What an extraordinary thing that these kids are actually able to get at least that far in their education, and every single one of them would love to be able to have a job, and every single one of them would prefer that that job could be at home, in peace. And that is why it is so imperative that all of us work together in order to bring peace to South Sudan, to Somalia. And Kenya should be proud of the effort that it is making together with the international community to help make such a difference, particularly in Somalia. I was very inspired by these kids’ drive, passion to learn. One young woman told me she’s studying chemistry and biology. And I asked her what she wants to be; she said she wants to be a doctor. I’ll bet she’s never been in a hospital, but she still wants to be a doctor.
So we have an enormous challenge, all of us. This is not just a challenge for Kenya, believe me. This is a challenge for the global community. And all of us need to work together in order to guarantee that people don’t live in a refugee camp from the date of birth until the end of high school, but rather that they can go home. That’s our obligation. Refugee camps are supposed to be temporary, not supposed to become permanent cities in another nation. And we all have an obligation to do better in order to provide a better alternative to these young people.
I’m pleased to announce that the United States has just provided an additional 45 million to the UN high commissioner for refugees for the operations here in Kenya. And we are proud of the fact that we’re perhaps the largest donor in the world in terms of the refugee effort at this moment, with 3.8 billion alone going to the refugees from Syria and that conflict. And this year, a significant – about $100 million coming in additional aid for the fight against terrorism here in Kenya alone. This funding is part of our effort to maintain our longstanding commitment and Kenya’s longstanding commitment to be able to provide haven to refugees. What this money will mean is better schools, it means access to health clinics, it means safer housing and clean water to drink, and it will benefit not only refugees but also particularly the Kenyan communities who graciously act as hosts.
Another of Kenya’s neighbors, South Sudan, was also the topic of our discussions today. We all know of that country’s great promise. I had the privilege of working on the Comprehensive Peace Agreement’s application, of traveling there, meeting with President Kiir, of being there during the election and being there for the referendum and celebrating the independence that came afterwards. And we all know of that country’s extraordinary promise during that period of time. We saw firsthand the dedication and the courage and the resilience of its people. But let me be clear – that promise is now at grave risk of being squandered because of civil violence, because of more than 2 million people who have been displaced from their homes. With each day, the ranks of the hungry and the malnourished grow. And none of this had to happen, but it did happen because the country’s leaders failed to act on behalf of the best interests of their people and their nation.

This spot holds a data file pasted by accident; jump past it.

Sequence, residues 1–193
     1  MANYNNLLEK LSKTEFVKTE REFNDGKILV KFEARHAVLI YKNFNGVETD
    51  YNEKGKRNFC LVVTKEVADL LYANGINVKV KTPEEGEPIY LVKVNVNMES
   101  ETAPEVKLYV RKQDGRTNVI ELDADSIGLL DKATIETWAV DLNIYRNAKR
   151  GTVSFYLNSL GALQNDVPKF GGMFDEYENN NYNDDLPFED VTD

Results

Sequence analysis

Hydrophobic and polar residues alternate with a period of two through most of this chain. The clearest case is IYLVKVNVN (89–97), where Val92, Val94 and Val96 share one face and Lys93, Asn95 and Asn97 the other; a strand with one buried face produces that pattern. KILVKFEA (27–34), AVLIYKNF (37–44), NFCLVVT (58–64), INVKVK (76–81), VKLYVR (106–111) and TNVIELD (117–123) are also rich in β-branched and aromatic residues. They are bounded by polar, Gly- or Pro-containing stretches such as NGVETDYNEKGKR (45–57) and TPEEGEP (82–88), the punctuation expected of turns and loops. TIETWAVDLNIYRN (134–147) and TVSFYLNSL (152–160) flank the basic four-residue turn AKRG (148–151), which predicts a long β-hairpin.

This is not happening, except for the absence of the leadership necessary to bring it to a close. For more than a year, regional leaders, the United States and others have been urging South Sudan’s leaders to live up to their commitments to silence the guns and establish a transitional government that can set their country on a path towards peace and prosperity. Unfortunately, South Sudan’s leaders, both those officially in office and those contesting those who are in office, have not yet chosen to make the compromises needed for peace. And it is that absence of compromise and absence of leadership that is leading to this extraordinary challenge to the region.
It is increasingly clear that justice and accountability, as well as reconciliation, are essential to peace. And to complement our existing funding for local reconciliation efforts, the United States is committing an additional $5 million to support South Sudanese and international efforts to create a credible, impartial, and effective justice mechanism, such as a hybrid court, in order to hold perpetrators of violence to account. The funds will also support efforts to build the capacity of civil society to document human rights violations. And I call on other international donors to join us in committing funds to these critical justice and reconciliation efforts.
The choices that South Sudan’s leaders will make ultimately will determine whether the country continues on the path of conflict or restores the hope which its citizens so richly deserve. For the sake of all the people of South Sudan, we hope the choice will be made for peace.